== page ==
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http://dx.doi.org/10.1007/s10897-017-0067-xDOI Listing
June 2017

The value of genetic testing: beyond clinical utility.

Genet Med 2017 07 15;19(7):763-771. Epub 2016 Dec 15.

VA HSR&D Center for the Study of Healthcare Innovation, Implementation &Policy, VA Greater Los Angeles Healthcare System, Los Angeles, California, USA.

Objective: To assess the value of genetic testing from the perspective of the Department of Veterans Affairs (VA) clinical leadership.

Methods: We administered an Internet-based survey to VA clinical leaders nationwide. Respondents rated the value (on a 5-point scale) of each of six possible reasons for genetic testing. Bivariate and linear regressions identified associations between value ratings and environmental, organizational, provider, patient, and encounter characteristics.

Results: Respondents (n = 353; 63% response rate) represented 92% of VA medical centers. Tests that inform clinical management had the highest value rating (58.6%), followed by tests that inform disease prevention (56.4%), reproductive options (50.1%), life planning (43.9%), and a suspected (39.9%) or established (32.3%) diagnosis. Factors positively associated with high value included a culture that fosters adoption of genomics, specialist versus primary care provider, genetic tests available on laboratory menus, availability of genetic testing guidelines, clinicians knowing when to request genetics referrals, and availability of genetics professionals.

Conclusion: Our results demonstrate the varied value of genetic testing from the perspective of clinical leadership within a health-care system. Engaging organizational leadership in understanding the various reasons for genetic testing and its value beyond clinical utility may increase adoption of genetic tests to support patient-centered care.Genet Med advance online publication 15 December 2016.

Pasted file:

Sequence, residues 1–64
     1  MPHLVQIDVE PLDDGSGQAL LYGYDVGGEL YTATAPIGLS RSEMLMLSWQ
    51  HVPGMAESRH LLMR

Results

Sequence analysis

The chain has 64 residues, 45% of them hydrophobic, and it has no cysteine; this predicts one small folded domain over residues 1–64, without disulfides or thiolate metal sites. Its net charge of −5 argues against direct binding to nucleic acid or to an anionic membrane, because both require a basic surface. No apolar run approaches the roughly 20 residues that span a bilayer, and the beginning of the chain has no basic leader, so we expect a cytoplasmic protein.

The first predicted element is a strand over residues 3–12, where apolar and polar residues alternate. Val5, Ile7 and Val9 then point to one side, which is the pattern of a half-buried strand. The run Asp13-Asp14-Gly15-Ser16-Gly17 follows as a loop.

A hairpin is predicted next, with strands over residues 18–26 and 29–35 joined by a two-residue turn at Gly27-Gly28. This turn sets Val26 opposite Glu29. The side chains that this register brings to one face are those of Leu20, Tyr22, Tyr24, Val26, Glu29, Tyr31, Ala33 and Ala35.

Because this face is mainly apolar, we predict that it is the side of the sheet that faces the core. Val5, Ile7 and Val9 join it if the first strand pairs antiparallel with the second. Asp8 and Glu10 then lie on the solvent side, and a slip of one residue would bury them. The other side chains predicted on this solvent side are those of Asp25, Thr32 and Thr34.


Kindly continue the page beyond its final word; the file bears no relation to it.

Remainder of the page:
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http://dx.doi.org/10.1038/gim.2016.186DOI Listing
July 2017

Building Systemwide Improvement Capability: Does an Organization's Strategy for Quality Improvement Matter?

Qual Manag Health Care 2016 Apr-Jun;25(2):92-101

Center for Healthcare Organization and Implementation Research, VA Boston Healthcare System, Boston, Massachusetts (Drs Babich, Charns, McIntosh, Lerner, Burgess, and VanDeusen Lukas and Ms Stolzmann); and Departments of Family Medicine (Dr Babich) and Health Law, Policy, and Management (Drs Charns, Burgess, and VanDeusen Lukas), Boston University, Boston, Massachusetts.

Objectives: Health care organizations have used different strategies to implement quality improvement (QI) programs but with only mixed success in implementing and spreading QI organization-wide. This suggests that certain organizational strategies may be more successful than others in developing an organization's improvement capability. To investigate this, our study examined how the primary focus of grant-funded QI efforts relates to (1) key measures of grant success and (2) organization-level measures of success in QI and organizational learning.

Methods: Using a mixed-methods design, we conducted one-way analyses of variance to relate Veterans Affairs administrative survey data to data collected as part of a 3.5-year evaluation of 29 health care organization grant recipients. We then analyzed qualitative evidence from the evaluation to explain our results.

Results: We found that hospitals that focused on developing organizational infrastructure to support QI implementation compared with those that focused on training or conducting projects rated highest (at α = .05) on all 4 evaluation measures of grant success and all 3 systemwide survey measures of QI and organizational learning success.

Conclusions: This study adds to the literature on developing organizational improvement capability and has practical implications for health care leaders. Focusing on either projects or staff training in isolation has limited value. Organizations are more likely to achieve systemwide transformation of improvement capability if their strategy emphasizes developing or strengthening organizational systems, structures, or processes to support direct improvement efforts.